HOLLIDAYSBURG - A Hollidaysburg woman wounded by Nicholas A. Horner during his 2009 robbery of the 58th Street Subway has sued Horner and his parents, who allegedly gave him the gun he used during the shooting.
Michele Petty was working at Subway on April 6, 2009, when Horner, an Army veteran, came into the sandwich shop through a back door. Horner shot and killed one worker, Scott Garlick, 19, a senior at Hollidaysburg Area Senior High School, and when Petty appeared, he shot her in the hip area.
During his attempt to get away, he shot and killed Raymond Williams, 64, who was getting his mail in the parking lot of his apartment complex two blocks from Subway.
Petty, 36, and her husband, Gerald A. Petty Jr., filed the lawsuit last week in Blair County Court against Horner and his parents, Daniel E. and Karen A. Horner, who live in Johnstown.
The lawsuit asks for more than $50,000 in damages on each of four counts.
The Horners permitted their son to carry a .45-caliber handgun registered to his father, according to the lawsuit filed by Hollidaysburg attorney Joseph J. Nypaver.
"A registered gun owner of a handgun must never needlessly endanger the public. [...] A registered gun owner of a handgun must never needlessly endanger the public by allowing a person to continue possession of their handgun when they know or have reason to know the person is not competent to possess a handgun," the lawsuit stated.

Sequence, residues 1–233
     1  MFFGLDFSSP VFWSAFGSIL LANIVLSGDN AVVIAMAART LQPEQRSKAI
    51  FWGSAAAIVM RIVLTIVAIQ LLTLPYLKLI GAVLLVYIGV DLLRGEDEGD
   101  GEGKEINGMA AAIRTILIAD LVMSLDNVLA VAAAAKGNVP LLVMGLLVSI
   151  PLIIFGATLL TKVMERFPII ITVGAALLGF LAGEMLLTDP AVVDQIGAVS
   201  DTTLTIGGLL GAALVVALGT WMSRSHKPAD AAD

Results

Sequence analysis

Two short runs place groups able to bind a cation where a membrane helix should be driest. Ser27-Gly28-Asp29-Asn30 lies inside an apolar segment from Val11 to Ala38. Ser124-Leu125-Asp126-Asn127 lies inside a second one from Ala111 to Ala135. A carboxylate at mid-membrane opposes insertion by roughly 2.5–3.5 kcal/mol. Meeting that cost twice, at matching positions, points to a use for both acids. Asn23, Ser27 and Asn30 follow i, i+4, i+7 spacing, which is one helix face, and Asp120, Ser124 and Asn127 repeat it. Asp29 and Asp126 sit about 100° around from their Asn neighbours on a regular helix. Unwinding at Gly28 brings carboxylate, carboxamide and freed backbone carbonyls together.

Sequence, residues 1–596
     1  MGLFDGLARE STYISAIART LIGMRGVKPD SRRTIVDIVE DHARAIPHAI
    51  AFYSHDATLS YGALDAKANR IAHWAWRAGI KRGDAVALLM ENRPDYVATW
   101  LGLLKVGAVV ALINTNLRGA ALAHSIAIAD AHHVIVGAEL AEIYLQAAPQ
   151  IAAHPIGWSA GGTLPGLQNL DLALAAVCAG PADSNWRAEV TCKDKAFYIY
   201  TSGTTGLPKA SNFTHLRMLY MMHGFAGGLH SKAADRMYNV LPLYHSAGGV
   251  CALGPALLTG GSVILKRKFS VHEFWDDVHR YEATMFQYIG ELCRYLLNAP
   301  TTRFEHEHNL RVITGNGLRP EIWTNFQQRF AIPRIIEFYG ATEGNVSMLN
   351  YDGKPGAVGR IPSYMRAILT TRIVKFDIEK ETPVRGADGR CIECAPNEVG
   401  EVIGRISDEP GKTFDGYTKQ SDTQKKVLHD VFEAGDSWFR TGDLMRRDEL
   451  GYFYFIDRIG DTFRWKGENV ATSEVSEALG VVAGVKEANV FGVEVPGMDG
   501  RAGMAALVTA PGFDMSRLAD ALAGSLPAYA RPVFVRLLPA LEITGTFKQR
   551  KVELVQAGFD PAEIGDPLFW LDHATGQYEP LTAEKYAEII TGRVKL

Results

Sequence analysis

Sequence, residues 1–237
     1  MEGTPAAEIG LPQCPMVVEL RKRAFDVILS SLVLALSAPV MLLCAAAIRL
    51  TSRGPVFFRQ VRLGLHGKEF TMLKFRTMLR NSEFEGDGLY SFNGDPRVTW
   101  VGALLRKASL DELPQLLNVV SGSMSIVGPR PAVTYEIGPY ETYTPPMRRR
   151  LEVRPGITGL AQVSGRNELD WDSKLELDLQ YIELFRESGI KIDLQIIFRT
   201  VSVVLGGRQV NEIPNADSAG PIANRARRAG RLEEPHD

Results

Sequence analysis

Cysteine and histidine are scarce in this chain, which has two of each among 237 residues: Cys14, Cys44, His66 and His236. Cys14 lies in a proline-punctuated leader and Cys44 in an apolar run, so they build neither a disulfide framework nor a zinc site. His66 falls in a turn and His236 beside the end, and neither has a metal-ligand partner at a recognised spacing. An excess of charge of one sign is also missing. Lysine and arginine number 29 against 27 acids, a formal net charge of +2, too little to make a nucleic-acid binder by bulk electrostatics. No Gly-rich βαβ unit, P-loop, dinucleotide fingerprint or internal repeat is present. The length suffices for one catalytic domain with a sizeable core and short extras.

A gun owner must not allow an "incompetent and mentally incapacitated person to possess a handgun," court documents state.
Defense attorney Thomas Dickey tried to convince a jury that Horner suffered from drug delirium because of the many medications he was taking. President Judge Jolene G. Kopriva refused to allow Dickey to use an insanity defense.
Horner is serving consecutive life terms plus 29 to 59 years on two counts of first-degree murder and other charges at the State Correctional Institution at Albion. The sentence and conviction have been appealed to state Superior Court.
The Horners are represented by Altoona attorney John W. Heslop Jr. Heslop and Nypaver were unavailable for comment Friday.
The defense in the three-week trial contended that Horner was suffering from a series of mental problems the day of the shooting including post-traumatic stress disorder stemming was his experiences during three tours in Iraq.
For a substantial period of time, Horner himself claimed he was suffering from PTSD, anxiety, depression and "a propensity to engage in irrational and violent behavior, rendering him incapable of sound judgment and behavior," the lawsuit stated.
Notices were given in 2011 of similar lawsuits from Garlick's and Williams' families, but court records show they have not yet been filed.
Mirror Staff Writer Phil Ray is at 946-7468.